Blue plan: sabotage of high voltage lines
Violet plan: sabotage of communication lines
Yellow Plan: destruction of enemy command posts.
Black Plan: destruction of oil depots.
Red Plan: destruction of ammunition depots.
Turtle plan: neutralization of roads.
Green plan: sabotage of railway lines
It is not easy to define the exact outline of the organization and actions of the networks of the French resistance, their principle of organization based on secrecy and the absence of archives. It is certain, however, that the Resistance played a vital role during Operation Overlord, which began on 6 June 1944 with the assault on “Fortress Europe”.
According to General William Donovan, head of the Office of Strategic Services (US intelligence agency), 80% of useful information during the Normandy landings was provided by the French resistance. Their role, often overlooked, deserves more attention.
The origins of the French resistance in Normandy
The German occupation of Normandy began in June 1940, four years exactly before the “D-Day”. The first actions of French resistance begin immediately, like the destruction on June 22 of the telephone cable connecting the aerodrome of Boos and the German headquarters of Rouen by Etienne Achavanne: the resistant of 48 years is finally arrested and shot on July 4, 1940. In the months that follow, the first networks come into being and adapt to the occupier. They decided to organize to evacuate the Allied airmen who had fallen in Normandy or to strike the lines of communication such as the railway lines. This is how the “Morpain group”, initiated by Gérard Morpain near Le Havre, or the Norman component of the “Alliance” network are born.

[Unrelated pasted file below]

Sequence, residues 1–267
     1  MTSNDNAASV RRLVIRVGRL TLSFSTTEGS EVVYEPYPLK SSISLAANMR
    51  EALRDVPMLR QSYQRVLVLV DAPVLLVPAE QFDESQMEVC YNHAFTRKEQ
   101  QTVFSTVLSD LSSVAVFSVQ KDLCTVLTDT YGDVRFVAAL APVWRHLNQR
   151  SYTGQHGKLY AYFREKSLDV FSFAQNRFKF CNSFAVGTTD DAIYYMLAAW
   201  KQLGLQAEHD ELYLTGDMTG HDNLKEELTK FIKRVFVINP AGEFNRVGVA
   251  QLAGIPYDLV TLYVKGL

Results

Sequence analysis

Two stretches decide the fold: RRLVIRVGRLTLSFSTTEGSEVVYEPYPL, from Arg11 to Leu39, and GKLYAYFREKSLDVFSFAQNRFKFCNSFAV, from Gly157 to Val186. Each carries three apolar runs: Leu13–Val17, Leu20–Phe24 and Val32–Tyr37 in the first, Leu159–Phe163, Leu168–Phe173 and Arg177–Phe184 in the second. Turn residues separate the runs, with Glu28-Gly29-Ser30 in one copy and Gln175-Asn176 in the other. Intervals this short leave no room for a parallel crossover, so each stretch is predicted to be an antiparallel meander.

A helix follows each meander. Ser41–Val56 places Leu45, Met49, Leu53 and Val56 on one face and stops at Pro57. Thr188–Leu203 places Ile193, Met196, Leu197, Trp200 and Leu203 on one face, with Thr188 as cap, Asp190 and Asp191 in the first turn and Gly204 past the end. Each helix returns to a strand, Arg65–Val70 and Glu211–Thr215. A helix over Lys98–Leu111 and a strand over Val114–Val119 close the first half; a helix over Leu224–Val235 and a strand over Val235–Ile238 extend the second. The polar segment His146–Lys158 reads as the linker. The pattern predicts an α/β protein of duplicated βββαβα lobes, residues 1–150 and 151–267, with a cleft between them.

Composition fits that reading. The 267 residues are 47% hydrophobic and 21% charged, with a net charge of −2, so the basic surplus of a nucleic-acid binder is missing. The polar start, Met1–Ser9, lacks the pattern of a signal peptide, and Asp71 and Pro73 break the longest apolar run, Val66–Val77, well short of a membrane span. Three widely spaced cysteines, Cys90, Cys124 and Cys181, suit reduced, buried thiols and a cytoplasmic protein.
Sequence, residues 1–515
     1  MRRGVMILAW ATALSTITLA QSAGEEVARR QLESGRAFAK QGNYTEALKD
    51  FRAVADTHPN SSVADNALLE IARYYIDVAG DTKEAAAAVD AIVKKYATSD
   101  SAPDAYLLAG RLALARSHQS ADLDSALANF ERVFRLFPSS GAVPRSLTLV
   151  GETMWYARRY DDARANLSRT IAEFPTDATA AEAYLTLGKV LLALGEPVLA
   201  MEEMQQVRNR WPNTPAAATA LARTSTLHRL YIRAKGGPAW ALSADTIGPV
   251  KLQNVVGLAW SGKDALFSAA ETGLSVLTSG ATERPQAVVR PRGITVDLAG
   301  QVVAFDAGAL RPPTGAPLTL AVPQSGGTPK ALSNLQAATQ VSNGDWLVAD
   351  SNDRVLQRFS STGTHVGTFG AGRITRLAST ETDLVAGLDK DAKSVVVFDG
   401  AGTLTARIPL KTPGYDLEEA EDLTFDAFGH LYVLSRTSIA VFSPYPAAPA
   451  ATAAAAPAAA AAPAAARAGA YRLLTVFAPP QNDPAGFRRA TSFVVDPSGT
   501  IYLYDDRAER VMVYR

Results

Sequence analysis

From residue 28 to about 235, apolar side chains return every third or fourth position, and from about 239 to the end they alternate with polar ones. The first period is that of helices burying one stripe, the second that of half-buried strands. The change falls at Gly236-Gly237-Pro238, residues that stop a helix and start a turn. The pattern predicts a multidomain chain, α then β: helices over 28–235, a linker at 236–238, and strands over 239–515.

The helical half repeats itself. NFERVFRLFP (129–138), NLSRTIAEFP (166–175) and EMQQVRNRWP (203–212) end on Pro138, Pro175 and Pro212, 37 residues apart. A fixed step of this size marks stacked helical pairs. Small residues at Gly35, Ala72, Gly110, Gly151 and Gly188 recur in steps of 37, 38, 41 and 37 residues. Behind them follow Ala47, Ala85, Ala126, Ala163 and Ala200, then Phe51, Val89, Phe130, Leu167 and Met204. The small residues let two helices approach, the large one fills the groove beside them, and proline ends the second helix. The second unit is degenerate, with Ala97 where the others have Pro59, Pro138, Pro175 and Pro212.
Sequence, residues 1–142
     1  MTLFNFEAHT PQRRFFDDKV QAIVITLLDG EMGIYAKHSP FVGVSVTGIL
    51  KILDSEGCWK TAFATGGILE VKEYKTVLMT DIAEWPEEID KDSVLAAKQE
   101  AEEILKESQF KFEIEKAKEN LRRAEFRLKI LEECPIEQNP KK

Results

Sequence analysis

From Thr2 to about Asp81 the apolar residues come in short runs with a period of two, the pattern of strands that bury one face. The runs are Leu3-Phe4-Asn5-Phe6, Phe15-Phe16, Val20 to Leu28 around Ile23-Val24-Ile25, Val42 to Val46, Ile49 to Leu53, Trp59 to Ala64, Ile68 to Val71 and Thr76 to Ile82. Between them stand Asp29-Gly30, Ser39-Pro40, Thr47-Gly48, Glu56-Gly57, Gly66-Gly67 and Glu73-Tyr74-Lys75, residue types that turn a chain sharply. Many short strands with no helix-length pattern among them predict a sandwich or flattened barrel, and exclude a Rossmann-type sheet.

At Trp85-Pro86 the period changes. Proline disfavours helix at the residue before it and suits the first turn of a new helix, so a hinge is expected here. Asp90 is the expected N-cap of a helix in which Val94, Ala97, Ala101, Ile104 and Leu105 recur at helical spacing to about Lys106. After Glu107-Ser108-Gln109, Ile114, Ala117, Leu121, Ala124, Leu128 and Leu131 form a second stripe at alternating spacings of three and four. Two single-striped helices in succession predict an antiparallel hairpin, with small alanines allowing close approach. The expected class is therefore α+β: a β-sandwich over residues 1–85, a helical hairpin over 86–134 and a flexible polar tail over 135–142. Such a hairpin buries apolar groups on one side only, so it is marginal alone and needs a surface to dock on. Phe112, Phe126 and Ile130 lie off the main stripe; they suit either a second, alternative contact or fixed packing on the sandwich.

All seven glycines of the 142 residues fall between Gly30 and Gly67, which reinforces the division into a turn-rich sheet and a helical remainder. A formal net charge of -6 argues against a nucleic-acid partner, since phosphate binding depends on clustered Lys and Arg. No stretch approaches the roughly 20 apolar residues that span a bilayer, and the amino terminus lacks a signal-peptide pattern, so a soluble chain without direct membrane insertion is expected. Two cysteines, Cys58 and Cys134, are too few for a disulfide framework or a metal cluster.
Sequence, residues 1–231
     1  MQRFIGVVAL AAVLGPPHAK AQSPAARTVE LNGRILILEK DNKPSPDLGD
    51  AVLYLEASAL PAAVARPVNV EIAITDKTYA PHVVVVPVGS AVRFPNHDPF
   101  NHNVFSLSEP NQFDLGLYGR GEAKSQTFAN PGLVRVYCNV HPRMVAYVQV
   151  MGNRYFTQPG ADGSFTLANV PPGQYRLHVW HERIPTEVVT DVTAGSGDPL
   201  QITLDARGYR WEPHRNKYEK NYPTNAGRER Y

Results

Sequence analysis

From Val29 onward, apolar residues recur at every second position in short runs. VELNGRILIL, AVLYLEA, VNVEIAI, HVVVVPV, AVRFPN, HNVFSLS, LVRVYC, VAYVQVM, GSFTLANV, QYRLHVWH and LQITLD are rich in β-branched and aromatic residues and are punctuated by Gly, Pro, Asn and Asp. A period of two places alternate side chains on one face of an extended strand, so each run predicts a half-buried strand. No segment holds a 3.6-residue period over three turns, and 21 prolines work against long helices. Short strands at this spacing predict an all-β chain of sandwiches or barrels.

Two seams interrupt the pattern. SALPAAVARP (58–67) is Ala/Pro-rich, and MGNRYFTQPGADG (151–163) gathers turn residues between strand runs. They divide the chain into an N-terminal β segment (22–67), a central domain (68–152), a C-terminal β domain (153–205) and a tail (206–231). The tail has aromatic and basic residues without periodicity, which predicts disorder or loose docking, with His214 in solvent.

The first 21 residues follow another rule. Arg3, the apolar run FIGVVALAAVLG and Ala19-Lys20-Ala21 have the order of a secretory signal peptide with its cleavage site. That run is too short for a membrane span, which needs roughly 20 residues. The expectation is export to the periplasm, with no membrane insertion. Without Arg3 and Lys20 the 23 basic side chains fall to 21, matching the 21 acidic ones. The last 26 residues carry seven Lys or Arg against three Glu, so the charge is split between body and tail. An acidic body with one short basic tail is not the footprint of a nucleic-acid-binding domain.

Photo of the derailment of the Maastricht-Cherbourg train on 16 April 1942 in Airan, Normandy, following the dismantling of the rails for several meters by the resistance. 28 dead and 19 wounded are registered by the German soldiers of the Kriegsmarine, returning from permission.
Normandy, however, is not ideal for the development of refuges (“maquis”) because of its geography and its lack of difficult access plateaus as in the Alps or in the Pyrenees. But some secret sites still see the light, relying on the great forests of the region, such as the maquis of Champ-du-Boult (Commander Berjon) and “Surcouf” (Commander Leblanc).